Photo Sharing Community - MyShutterspace

Hi folks,

I've been a member on the site for a while now, but never really used the forums at all and hop this is the right place to post this. Now though I need some help and opinions from all the experts on here. I have a D3000 which i've had for almost 3 years now. It hasn't used anywhere near as much as would like, but just haven't had the time to use it.

Anyway I recently had a new baby boy and really want to get some good photo's of him and the rest of the family. I dug my camera out and took a couple of quick shots to test it out and then the the shutter would not fire. I am trying to use the camera in full auto mode, but it just does not want to focus. I sometimes get one shot out of it then nothing and if i switch the lens to manual it works fine.

I have also tried the other modes on the camera with the same result. The lens is a Nikkor af-s 18-55mm gII ED. Would i be right in thinking the problem is with the lens rather than the camera.

Any help with this would really appreciated



Tags: Autofocus, D3000, Nikkor, Nikon

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There is a switch on lens too for manual and auto-focus mode. Have you tried it.  some times lens remains unresponsive because of this setting. Even after trying this if the problem still persist, then you need to move to Nikon Service Center.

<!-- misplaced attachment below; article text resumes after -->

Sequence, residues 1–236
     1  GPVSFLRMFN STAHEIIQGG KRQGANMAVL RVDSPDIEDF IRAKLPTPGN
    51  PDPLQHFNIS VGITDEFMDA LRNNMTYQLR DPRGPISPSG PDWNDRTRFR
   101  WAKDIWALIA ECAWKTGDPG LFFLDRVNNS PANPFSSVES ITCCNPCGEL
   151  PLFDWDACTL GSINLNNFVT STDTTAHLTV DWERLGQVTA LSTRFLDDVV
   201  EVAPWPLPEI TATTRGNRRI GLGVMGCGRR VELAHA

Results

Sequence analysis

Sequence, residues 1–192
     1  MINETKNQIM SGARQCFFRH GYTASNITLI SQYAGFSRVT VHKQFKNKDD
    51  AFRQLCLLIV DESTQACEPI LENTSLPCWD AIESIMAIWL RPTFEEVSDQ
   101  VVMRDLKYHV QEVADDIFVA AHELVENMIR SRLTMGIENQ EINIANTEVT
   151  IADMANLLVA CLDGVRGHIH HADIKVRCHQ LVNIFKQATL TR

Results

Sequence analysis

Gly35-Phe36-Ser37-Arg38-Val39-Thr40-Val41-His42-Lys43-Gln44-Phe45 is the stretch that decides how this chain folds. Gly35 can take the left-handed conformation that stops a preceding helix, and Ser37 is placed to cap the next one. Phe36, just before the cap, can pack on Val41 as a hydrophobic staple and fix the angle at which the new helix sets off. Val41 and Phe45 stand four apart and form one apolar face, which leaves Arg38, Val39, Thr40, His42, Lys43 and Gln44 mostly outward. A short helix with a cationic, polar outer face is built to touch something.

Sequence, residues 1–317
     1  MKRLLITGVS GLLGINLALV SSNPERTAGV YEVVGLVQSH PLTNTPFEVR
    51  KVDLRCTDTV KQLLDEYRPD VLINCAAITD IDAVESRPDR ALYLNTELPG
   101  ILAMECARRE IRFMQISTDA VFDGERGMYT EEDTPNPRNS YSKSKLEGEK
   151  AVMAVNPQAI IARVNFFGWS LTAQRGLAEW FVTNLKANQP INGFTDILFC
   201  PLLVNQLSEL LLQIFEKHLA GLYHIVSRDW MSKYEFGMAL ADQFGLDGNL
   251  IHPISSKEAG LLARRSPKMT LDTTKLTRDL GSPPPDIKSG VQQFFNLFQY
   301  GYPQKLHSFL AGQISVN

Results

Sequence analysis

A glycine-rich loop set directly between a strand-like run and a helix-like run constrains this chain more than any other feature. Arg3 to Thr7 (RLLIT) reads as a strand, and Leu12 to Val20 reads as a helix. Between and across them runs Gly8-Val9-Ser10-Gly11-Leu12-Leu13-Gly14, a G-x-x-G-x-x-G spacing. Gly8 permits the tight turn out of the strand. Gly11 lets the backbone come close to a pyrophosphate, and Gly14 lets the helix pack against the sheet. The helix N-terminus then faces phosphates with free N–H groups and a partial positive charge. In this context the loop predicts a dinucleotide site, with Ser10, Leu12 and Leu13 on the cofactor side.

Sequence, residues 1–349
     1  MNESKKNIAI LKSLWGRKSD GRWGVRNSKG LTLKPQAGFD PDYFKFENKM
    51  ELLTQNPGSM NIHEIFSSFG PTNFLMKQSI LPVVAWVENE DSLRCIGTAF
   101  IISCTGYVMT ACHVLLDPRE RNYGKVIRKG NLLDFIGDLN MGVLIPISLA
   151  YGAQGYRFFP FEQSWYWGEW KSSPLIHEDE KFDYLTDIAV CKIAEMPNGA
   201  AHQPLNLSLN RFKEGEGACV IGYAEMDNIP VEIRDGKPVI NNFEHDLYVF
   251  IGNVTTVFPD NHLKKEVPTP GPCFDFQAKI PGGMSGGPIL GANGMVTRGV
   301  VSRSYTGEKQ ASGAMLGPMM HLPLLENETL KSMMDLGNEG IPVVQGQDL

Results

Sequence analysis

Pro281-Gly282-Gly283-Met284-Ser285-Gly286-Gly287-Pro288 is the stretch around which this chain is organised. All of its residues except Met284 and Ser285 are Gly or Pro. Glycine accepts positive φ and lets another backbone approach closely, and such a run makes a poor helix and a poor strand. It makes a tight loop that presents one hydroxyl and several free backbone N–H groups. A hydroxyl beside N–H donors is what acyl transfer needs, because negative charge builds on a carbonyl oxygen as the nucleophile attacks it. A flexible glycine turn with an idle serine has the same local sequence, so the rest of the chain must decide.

First of all have you tried putting on a different lens?

Before sending it in for service try wiping down the contact points on the lens.

Do the same on the camera body.

I had this issue once with my D3

Simon, while the AF in most camera's is pretty good, it relies on contrast and a certain amount of light to focus. Most are also set to not trigger the shutter until focus is locked on when shooting using the AF. If you point your camera in AF mode at a white wall it probably won't be able to focus and won't allow you to take a photo.

Before you send your lens away try the following. In the situation where the shutter won't fire, switch your lens from AF to MF and try again. If the shutter fires this time it sounds more likely that your camera can't lock on with AF and therefore isn't allowing you to take a picture.

Another test would be while using AF mode, line up the AF point you are using with something with the most light and contrast in the room, the edge of something dark on something light, anything that isn't flat colour, and half press the shutter button. You should get some sort of beep or flash to say focus is locked on. If you don't get AF working in good light, then there may be a problem, but if its working in AF in good light, and MF is working all the time, then i'd suggest the problem is more to do with available light and the AF system being unable to 'lock on' to your subject. 

You could switch to manual focus in these conditions or buy a faster lens, a 35mm f2.8 or 50mm f1.8 are ideal in these situations. 

As i've wrote this, i've also thought about your subject distance, how close where you? lenses have a minimum distance they need to be able to focus. Again in AF mode if you're closer than the lens' minimum focus distance then AF won't lock and you won't be able to take a photo. Just a thought. Good luck. 


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